I wouldn't be too concerned about the sabatoge thing, your doing daily and weekly. If the guy pops a cork and it takes you a week to discover this, you have only lost a weeks worth of data.

I know there are systems that require a much more secure method (i.e. banks), but for us regulars, that should work.

Regards,
CarolX
 
E

energy

#7
Two extremes

One place-we had a fireproof safe deposit box in a local bank.
One place-we had them in the IT Guys's glove compartment in his car. Neither one was an issue with the customer auditors. But, ISO, who knows? :vfunny: :ko: :smokin:
 
L

Laura - 2003

#8
Amazing coincidence

We've just been thru a periodic assessment (1994) and non-conformed on back-up of data.

Our main servers are controlled and backed up by a dept...not within our scope, but the assessor went to see them, took a look at the SLA and returned satisfied..however he was not happy about remote back-ups.

Our consultants have laptops and store much of their information on their hard drives. One of the auditees confessed that he did not conduct back-ups of his hard drive data onto the network, as often as he should. He hadn't done them at all in the last six months.

He non-conformed us....as I knew he would.....and said that we needed to document a QP (fair enough) and provide evidence of audit prior to the next assessment....fair enough.

I have found a way to ensure that when a consultant plugs his laptop into a hot desk....his files will automatically back-up onto the server...I've documented this in a procedure.

Does anyone think I will need more?

Lau~.
 

E Wall

Just Me!
Super Moderator
#9
What We Do...

Much the same as the others:
Backups performed Daily, Weekly, and Monthly. The monthly tape is sent off-site.
 
G

Graeme

#10
nothing is forever ...

There are a lot of good and sound ideas in this thread about backup stategies. I just want to add a couple of things about off-site and long-term storage.

(1). Several people have mentioned keeping offsite backup copies in a fireproof safe. This is a great idea, PROVIDED you are using one designed and certified for data media. The great majority of fireproof safes are designed to keep the internal temperature below the ignition point of PAPER for a specified period of time. If you remember the title of a famous book by Ray Bradbury you know that the ignition point of paper is 452 degrees F. These safes do that by releasing large amounts of water from the material that forms the insulation. (hydrated something - I don't remember exactly.) The steam keeps everything (relatively) cool. There are two tiny little problems ...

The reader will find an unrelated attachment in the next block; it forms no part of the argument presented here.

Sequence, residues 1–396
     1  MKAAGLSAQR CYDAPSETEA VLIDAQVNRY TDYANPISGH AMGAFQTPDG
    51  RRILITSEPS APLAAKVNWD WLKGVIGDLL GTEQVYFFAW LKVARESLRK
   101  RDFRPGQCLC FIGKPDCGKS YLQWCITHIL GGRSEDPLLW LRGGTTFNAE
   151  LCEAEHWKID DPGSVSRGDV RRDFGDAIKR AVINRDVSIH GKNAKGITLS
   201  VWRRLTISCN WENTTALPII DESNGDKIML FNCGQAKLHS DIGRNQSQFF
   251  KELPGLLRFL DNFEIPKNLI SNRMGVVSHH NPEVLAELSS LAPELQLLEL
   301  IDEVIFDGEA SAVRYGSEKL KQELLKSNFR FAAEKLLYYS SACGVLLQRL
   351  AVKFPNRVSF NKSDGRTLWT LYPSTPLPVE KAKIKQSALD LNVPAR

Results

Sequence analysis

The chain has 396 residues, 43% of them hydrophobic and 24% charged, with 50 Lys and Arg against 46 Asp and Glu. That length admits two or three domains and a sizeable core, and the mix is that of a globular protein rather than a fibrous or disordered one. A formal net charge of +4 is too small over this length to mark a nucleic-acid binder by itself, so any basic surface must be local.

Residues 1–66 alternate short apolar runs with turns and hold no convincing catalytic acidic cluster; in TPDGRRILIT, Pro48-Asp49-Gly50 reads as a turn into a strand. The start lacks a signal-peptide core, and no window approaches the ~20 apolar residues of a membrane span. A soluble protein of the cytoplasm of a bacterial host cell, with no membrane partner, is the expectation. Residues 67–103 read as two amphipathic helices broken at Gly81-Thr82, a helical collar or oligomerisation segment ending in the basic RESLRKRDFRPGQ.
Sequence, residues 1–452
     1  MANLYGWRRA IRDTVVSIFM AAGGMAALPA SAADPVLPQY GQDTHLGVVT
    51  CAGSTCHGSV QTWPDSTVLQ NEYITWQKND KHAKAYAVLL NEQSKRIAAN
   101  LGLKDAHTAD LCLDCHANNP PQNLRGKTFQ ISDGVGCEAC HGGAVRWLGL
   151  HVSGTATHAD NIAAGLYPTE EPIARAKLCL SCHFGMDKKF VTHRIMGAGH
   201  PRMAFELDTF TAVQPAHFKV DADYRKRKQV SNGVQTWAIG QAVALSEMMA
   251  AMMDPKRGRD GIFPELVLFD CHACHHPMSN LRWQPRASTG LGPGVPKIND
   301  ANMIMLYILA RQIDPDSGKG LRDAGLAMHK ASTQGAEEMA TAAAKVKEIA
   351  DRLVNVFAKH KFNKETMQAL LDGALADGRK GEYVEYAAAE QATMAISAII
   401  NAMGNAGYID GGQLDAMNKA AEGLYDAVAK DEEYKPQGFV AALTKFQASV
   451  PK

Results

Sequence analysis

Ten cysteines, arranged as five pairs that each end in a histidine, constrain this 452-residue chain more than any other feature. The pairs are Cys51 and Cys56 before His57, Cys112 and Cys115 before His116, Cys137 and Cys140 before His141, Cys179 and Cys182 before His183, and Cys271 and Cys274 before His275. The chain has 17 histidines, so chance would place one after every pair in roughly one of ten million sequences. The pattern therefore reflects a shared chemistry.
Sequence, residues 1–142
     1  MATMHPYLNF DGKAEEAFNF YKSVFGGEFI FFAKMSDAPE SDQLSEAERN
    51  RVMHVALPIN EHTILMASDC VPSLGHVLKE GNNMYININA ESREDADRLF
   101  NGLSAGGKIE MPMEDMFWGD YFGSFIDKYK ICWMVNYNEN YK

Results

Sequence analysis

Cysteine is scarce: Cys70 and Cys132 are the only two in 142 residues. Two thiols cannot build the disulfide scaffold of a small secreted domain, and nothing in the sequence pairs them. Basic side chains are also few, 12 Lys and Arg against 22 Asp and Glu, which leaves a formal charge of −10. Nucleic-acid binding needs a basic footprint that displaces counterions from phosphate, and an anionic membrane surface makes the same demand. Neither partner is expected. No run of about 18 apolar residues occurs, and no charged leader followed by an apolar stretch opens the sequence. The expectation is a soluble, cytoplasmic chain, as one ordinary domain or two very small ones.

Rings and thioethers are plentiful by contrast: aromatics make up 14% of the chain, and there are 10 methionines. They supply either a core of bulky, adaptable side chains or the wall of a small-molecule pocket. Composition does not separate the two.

• Plastic melts at much lower temperatures, and almost all media are plastic or contain large amounts of it. (Have you ever left a CD in the back window of a car in the summer?)
  • The principal component of magnetic media is iron. Iron rusts (oxidizes). Other materials in the magnetic coating also oxidize or corrode, and do it faster in a high-temperature steam environment.
Again, the fireproof safe must be rated for use with data media, or you may wind up with a pile of melted, rusty plastic.

(2). Many organizations keep backups or other archives in long term storage for various reasons. (years or decades) If you do, you should have a policy for regularly testing and refreshing the data.
  • At regular intervals, test it to see if the data is still readable.
  • Verify that you still have the machines available to read it. (I still have one 8-inch floppy disk. Does anyone have a drive for that?)
  • Plan to copy the data to the newest available permanent storage media. (Currently CD-R or mabe DVD-R)
  • Plan to convert the information to new data formats before the old becomes unreadable.
  • Remember that all data recording media has a limited useful lifetime. There have been numerous well-documented cases of losses of old motion pictures and audio recordings because of deterioration of the film or tape. CD-R may prove to have a long life but we don't know yet.
  • Make sure that the storage environment is suitable for preserving the life of the storage media.

Above all, protect your :ca: and make your backups BEFORE you need them.